Aviation security law

Aviation security

Air transport is a popular means of transport world over. Millions use this means of transport annually. Many airports all over the world record high traffic everyday. This means that from every country a large number of passengers are transferred from one point to the other using aircrafts. Back here in the United States millions of people use aircrafts to move from one state to another or from one town to another.

Since airports and airlines are used by such large number of people their security is paramount. Aircrafts and airports house a big number of people at any given time. Presence of such a large numbers of people at a one point pose a threat and these places can be a target by people with an ill intention especially the terrorists. It is from this backdrop that it becomes extremely necessary to provide optimal security in the aviation industry to get rid of bad elements whose aim is to destroy. The security in the aviation industry is aimed at preventing any harmful acts against the aircrafts, the crew members and most importantly the passengers aboard the plane and any other person who might be within the airport premises. (Heureman, J 1994 p78)

To enhance security, measures have been put in place to detect a threat before a criminal activity is carried out. Several methods have been applied to achieve this important element in any nation that puts the needs of the people first.

The methods include a situation where the passengers are required to pass through metal detectors where screening is done .This screening is aimed at detecting the explosives and it goes a long way in discouraging travelers or would be hijackers from entering the aircraft while they are in the possession of those dangerous gadgets which can cause great damage and suffering to the passengers on board as well as the aircraft itself.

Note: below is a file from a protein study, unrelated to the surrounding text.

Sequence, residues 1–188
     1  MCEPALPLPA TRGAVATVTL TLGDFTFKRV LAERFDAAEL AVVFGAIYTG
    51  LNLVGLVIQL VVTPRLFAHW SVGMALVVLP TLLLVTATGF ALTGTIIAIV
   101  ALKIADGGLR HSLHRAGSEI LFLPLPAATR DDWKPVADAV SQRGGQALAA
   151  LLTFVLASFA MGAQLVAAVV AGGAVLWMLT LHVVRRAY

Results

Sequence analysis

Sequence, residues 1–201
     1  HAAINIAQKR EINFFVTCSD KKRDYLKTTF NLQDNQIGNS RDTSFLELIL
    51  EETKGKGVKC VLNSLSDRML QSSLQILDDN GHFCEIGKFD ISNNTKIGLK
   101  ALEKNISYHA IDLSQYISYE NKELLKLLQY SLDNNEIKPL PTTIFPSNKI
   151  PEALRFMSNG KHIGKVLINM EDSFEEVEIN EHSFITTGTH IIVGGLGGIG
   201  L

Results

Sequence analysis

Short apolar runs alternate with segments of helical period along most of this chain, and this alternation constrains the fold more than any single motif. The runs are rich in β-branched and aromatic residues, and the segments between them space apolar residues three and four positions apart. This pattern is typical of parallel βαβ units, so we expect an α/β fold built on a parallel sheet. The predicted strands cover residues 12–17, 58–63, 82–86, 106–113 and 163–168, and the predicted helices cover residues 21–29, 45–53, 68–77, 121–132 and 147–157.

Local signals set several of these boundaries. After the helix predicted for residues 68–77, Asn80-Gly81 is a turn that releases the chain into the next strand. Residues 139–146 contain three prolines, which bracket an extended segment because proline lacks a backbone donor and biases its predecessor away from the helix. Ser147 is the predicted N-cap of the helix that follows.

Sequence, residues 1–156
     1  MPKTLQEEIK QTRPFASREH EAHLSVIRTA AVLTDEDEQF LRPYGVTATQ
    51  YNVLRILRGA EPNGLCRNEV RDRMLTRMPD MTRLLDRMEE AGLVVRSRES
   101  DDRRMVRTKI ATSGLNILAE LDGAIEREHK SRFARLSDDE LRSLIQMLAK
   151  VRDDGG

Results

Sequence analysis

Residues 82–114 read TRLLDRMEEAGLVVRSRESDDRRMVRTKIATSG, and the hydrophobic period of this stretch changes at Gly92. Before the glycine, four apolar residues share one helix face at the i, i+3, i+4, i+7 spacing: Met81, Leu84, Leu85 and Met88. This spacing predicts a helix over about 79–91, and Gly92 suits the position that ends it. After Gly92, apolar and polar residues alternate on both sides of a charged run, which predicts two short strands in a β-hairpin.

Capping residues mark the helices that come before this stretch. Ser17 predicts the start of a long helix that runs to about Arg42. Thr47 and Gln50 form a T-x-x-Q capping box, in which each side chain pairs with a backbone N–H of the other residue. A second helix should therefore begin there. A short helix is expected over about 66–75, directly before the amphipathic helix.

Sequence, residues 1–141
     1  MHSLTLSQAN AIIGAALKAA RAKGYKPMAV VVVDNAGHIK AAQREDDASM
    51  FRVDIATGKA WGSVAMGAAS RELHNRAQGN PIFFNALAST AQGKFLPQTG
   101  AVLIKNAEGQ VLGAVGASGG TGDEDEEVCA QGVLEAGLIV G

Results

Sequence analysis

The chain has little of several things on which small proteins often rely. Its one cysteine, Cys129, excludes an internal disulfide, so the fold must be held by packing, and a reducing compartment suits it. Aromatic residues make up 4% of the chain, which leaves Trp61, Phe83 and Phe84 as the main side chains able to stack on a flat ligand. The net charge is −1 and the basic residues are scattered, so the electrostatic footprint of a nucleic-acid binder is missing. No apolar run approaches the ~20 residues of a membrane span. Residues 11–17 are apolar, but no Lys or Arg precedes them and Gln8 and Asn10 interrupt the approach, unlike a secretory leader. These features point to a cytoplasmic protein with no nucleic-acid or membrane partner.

In the situation where dangerous weapons have been sneaked in by the passengers with an intention of carrying out a criminal activity, such an incident has resulted in very ugly incidents like happened in September 11th 2001 where hijacked planes were used as weapons of mass destruction. The September 11th incident led to strict restrictions as far as airports securities are concerned. In august 2006 probable attacks were averted in Britain and United States due to effective airport security operations.

For the enhancement of aviation security some laws have been put in place to govern and promote the security in this important industry. The need for regulation of modern aviation industry started way back during the period of Second World War. At this time a conference was arranged to come up with a way into which regulation can be put in place to manage and govern the aviation industry. Chicago convention which took place in 1944 set together the aviation regulations which were to be applied internationally. (Heureman, J 1994 p84)

The concerned countries adopted the set international regulations and procedures. Later in 1947 a United Nations agency International civil aviation organization was formed to enhance development and cooperation within the industry. Within the organization a committee was set up. This committee was charged with the role of making convections and treaties in those areas where nations were supposed to work in unity. In 1963 the committee came up with Tokyo convention that tackled on the offences usually committed on many aircrafts and airports and the way this issue can be handled. (Maueman, K. p 23 2000)